Thursday, January 21, 2016

Finding the Middle Ground

I realized this week that the problem with all parenting books is that they assume that one size fits all. That all parents are starting from the same place, that their kids all have the same temperament, and that all parents want to parent in the same way. While it's obvious that not all parents and children are the same, I figured that regardless, if there was a parenting method that worked, all parents should try to parent that way. I have no evidence that there is one particular parenting method that works for every parent and every child even some of the time, let alone all the time, but even if there were, it can't be approached in the same way by every parent.

In the Peace Circle this month, the theme is "bendy." I have taken e-courses on boundaries and it still took a few weeks for me to realize that being flexible has to do with boundaries. Some of the mamas are too rigid. The problem with being too rigid with your boundaries is that as soon as you collide with someone else's wants and needs-which is guaranteed to happen when you become a parent- you will break. The other side of the coin (and this is where I find myself) are the mamas who are too bendy. While one might think that being flexible is a good thing, the other extreme has a tendency to bend so much that they also break.

If I had not already worked with the idea of boundaries, I might look at the theme of bendy and think that being more flexible will help me, and end up breaking myself in the process. Personally, I need to learn how to set limits and be less bendy. However, if someone who is not bendy at all took a course in setting limits, they would not benefit from it either.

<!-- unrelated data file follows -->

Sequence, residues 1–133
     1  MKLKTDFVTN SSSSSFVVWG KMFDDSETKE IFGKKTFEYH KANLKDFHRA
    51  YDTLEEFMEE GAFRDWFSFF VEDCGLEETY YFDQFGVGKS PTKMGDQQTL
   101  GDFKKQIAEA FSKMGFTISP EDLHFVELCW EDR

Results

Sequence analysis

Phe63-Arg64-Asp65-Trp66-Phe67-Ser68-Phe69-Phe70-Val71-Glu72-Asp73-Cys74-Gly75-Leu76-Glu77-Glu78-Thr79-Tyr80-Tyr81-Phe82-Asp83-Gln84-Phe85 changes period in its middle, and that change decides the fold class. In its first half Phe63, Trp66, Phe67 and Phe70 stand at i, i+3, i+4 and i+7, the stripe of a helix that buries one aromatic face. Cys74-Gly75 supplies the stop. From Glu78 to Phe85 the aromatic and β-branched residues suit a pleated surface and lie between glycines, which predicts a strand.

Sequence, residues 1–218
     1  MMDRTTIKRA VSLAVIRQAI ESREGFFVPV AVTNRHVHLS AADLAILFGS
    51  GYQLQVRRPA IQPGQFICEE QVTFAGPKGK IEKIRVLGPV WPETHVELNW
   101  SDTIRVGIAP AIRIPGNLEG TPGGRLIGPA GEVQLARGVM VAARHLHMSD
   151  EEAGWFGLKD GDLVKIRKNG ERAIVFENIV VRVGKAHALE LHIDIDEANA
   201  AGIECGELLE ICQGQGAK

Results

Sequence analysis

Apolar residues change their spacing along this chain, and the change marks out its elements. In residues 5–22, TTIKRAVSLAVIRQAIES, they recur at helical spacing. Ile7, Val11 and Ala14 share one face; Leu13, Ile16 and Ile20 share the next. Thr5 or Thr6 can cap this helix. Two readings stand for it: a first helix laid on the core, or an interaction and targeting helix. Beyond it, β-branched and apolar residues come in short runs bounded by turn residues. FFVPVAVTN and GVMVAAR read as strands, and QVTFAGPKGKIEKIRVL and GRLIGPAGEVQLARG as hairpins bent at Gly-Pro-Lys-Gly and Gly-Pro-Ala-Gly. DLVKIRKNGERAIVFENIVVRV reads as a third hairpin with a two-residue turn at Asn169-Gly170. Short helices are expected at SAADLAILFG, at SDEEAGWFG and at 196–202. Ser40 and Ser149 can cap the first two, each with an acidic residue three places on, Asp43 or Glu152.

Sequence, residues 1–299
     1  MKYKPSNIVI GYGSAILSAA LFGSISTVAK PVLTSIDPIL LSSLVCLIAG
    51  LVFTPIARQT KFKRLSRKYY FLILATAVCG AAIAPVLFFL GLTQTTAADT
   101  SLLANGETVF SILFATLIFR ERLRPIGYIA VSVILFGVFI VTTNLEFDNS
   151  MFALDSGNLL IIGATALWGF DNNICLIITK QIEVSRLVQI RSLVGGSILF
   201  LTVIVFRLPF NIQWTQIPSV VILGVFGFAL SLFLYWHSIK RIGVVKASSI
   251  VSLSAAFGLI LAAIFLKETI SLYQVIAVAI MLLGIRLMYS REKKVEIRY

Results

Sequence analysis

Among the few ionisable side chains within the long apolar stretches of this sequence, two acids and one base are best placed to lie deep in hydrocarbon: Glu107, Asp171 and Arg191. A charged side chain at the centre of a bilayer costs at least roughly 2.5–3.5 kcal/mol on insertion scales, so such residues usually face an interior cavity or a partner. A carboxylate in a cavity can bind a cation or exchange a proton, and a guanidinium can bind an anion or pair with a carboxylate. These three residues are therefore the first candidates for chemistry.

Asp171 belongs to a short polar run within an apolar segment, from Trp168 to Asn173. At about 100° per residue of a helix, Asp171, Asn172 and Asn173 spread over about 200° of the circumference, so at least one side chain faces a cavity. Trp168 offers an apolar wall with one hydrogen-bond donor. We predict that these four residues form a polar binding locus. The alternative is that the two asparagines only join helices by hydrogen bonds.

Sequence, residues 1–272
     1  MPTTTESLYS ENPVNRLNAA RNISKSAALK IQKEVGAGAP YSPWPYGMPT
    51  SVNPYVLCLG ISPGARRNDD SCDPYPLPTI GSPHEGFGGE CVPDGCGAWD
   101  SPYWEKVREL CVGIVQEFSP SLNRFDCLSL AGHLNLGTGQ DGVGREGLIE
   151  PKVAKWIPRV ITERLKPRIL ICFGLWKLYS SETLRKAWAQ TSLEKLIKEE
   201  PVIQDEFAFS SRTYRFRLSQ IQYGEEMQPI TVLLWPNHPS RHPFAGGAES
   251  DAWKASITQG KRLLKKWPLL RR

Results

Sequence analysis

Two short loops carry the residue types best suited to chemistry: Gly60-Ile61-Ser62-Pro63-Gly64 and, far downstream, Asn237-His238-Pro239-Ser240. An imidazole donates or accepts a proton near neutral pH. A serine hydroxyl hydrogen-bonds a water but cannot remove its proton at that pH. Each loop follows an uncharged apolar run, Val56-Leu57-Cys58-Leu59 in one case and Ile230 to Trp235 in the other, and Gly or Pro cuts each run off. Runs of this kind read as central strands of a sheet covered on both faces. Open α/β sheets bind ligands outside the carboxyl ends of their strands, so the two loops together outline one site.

Enjoy this picture of a dog
I've never read anywhere about considering which end of the authoritarian-permissive spectrum you're on before making adjustments to your parenting style. The problem is that people have a tendency to avoid the middle ground and stick to their extremes. Authoritarian parents believe that you are either strict and make your kids tow the line, or you are permissive and indulgent. Permissive parents believe that either you have a good relationship with your child, or you are punitive and harsh. It creates a false dichotomy between setting limits and having a good relationship with your child, as if you cannot do both (hint: you can). Parents on one end have difficulty setting limits, and parents on the other end have difficulty setting limits while maintaining their relationship with their child. 

If you've been having difficulties setting limits with your child, don't feel you need to change your personality to be more harsh. Conversely, if you want to be less punitive with your child, you don't need to become all sunshine and rainbows and let your kid get away with things. While there is no one-size-fits-all approach to parenting, there is a happy middle ground where parents from both ends of the spectrum can meet. Getting there, however, will depend on which end of the spectrum you're coming from.

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